One Hundred and Fifty years ago our nation was engaged in its most defining event – a great Civil War. A war that disrupted the country for four years and cost 600,000 lives (by todays population a proportion that would equal ten million), and measureless destruction. This week is the 150th anniversary of the establishment of the Confederacy and the swearing in of Jefferson Davis as provisional President.
In the early 1960s in the midst of the Civil Rights movement that culminated in 1964/65 with the passage of the Public Accommodations Act and the Voting Rights Act (joined in 1968 with an Anti Discrimination in Housing Law) the nation also celebrated the Centennial of the Civil War. There were reenactments of every battle (I observed one of a small battle in Georgia) but less attention was paid to the non- military events of the conflict.
The sesquicentennial of the Civil War has apparently, at least among unreconstructed southerners, triggered a desire to celebrate every event - particularly political. South Carolinians celebrated the ill-fated secession of that state as if it were something that was both constitutional and successful - it was neither.
The great debate about what caused the Civil War and why it was fought rages among pseudo-historians. If one reads the debates of the secession conventions and the broadsides written before secession it is clear to those who will see that slavery caused the Civil War - to be more precise the desire of the southern slavocracy and ruling economic interests to assure the continuation of their right to own slaves, and their desire to expand the area open to slavery to include the territories acquired from Mexico.(some even dreamed of seizing Cuba and other areas to the south and adding them to the slave portion of the US. This imperialistic desire did not die overnight. As a youngster visiting in Georgia I read a local newspaper that editorialized upon the admission of Hawaii as a state in 1959 that now it was time to complete Manifest Destiny and acquire Cuba and Central America.)
Those who initiated secession to assure the continuance of slavery needed somehow to gain the support of the majority of the white population of the south - whites who did not own slaves. And so they wrapped the banner of state’s rights and southern independence around their movement. While slavery caused the Civil War, it is true that most Southerners thought they fought for their independence. My great great grandfather fought for the confederacy as did two of my great great great grandfathers. They did not own slaves nor were they from slave owning families. They lived in northeast Alabama and northwest Georgia - unionist regions of the south. They believed they were fighting for southern independence.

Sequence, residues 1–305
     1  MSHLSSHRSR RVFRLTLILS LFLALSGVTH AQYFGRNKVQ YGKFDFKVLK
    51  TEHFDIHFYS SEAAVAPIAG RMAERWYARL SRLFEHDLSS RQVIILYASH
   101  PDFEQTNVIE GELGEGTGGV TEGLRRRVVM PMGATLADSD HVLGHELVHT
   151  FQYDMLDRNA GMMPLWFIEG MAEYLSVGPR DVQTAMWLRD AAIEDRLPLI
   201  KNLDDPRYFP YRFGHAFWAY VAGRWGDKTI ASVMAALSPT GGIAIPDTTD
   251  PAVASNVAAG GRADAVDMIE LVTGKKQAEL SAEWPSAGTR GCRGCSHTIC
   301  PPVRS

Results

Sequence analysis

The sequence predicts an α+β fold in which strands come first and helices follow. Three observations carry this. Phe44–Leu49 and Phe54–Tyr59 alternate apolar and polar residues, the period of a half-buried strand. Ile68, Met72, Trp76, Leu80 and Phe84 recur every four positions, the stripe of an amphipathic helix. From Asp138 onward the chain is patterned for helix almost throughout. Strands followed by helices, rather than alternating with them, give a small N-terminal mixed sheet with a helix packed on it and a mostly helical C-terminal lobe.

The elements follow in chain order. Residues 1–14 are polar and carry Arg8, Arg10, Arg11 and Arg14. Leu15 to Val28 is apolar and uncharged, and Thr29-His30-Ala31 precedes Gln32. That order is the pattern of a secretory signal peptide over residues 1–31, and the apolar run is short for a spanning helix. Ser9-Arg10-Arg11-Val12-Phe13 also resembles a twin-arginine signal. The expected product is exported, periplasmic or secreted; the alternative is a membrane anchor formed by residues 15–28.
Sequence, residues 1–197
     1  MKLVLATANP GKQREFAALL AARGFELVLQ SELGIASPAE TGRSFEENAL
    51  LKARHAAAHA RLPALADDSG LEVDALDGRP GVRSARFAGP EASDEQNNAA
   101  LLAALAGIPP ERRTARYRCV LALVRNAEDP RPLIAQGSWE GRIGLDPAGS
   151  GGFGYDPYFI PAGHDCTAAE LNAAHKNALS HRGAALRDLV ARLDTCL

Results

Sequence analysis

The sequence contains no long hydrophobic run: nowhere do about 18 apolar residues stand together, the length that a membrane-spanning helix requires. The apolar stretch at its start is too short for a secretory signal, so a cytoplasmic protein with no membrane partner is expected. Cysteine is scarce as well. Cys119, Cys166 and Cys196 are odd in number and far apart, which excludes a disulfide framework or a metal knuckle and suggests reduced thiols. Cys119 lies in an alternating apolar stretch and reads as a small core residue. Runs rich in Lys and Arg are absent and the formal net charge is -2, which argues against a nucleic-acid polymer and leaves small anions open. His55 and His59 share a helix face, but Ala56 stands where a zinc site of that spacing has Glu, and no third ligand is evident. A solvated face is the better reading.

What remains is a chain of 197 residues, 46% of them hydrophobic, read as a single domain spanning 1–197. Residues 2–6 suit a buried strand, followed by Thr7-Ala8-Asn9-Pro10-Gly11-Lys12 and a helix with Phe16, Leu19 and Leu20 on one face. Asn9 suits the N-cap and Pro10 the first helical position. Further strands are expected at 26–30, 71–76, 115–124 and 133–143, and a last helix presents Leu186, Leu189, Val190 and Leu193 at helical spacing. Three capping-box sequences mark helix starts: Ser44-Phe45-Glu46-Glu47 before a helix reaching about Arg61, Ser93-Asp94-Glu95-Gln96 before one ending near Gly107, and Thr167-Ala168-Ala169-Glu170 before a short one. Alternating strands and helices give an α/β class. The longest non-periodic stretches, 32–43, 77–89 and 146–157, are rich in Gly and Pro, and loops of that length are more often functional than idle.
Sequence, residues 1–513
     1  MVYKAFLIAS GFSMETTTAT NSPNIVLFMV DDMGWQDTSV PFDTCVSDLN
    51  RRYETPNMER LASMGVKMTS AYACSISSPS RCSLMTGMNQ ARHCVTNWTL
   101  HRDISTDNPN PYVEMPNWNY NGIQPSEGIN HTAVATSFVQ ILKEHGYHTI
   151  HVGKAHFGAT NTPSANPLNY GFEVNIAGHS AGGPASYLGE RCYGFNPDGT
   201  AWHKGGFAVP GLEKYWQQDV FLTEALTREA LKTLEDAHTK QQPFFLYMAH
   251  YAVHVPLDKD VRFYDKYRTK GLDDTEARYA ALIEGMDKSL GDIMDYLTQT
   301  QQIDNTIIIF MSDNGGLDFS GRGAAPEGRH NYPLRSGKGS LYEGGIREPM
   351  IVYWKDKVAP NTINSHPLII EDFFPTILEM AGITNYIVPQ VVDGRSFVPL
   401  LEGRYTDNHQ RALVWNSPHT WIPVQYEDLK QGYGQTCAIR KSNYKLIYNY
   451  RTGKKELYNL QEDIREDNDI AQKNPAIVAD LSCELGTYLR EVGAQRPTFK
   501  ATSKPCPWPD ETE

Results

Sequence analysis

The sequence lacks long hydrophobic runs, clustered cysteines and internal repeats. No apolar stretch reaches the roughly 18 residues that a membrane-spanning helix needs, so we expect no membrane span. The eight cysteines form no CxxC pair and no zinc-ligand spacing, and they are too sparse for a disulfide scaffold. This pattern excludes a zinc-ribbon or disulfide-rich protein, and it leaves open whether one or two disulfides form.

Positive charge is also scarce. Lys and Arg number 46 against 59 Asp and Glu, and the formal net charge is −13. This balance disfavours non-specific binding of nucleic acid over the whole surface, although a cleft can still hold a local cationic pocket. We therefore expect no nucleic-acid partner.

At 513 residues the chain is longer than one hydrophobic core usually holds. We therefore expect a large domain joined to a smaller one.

This belief was supported by the official federal position during the first two years of the war that the North was fighting only to preserve the union. That was Lincoln’s public position. Not until late 1862 and Jan 1863 did the President declare as the war aim of the North the eradication of slavery. My great great great grandfather, William Kelly, lived in eastern Tennessee and he fought in the union forces for the union.
Americans truly were divided brother against brother - in fact in my own Wilson family brothers fought on different sides.
So as we enter this four year period of sesquicentennial anniversaries should we be celebrating this cruel war and its 600,000 deaths? To CELEBRATE is “publicly honor or praise an important occasion” and implies approval. I suggest that the only thing about the Civil War to celebrate is the abolition of slavery, the great stain upon the American mosaic and the cruel and inhuman practice that once pervaded our country. There is much of our Civil War history that we should COMMEMORATE. To commemorate is to “act to honor the memory of an event or person”.
While nostalgic southerners, spurred on by todays conservative Republicans, yearn for the “good old days” and celebrate battles and the events of the lost cause we should commemorate those events in our history that helped build the American nation. Let us commemorate Lincoln’s two inaugurations; let us remember Antietam and Gettysburg as great battles that saved the Union. Let us celebrate the Emancipation Proclamation that made whole the promises of the Declaration of Independence
Most of all let us be guided by the words of Abraham Lincoln when he dedicated the national cemetery at Gettysburg and declared that those who died there had died so: that this nation shall have a new birth of freedom … .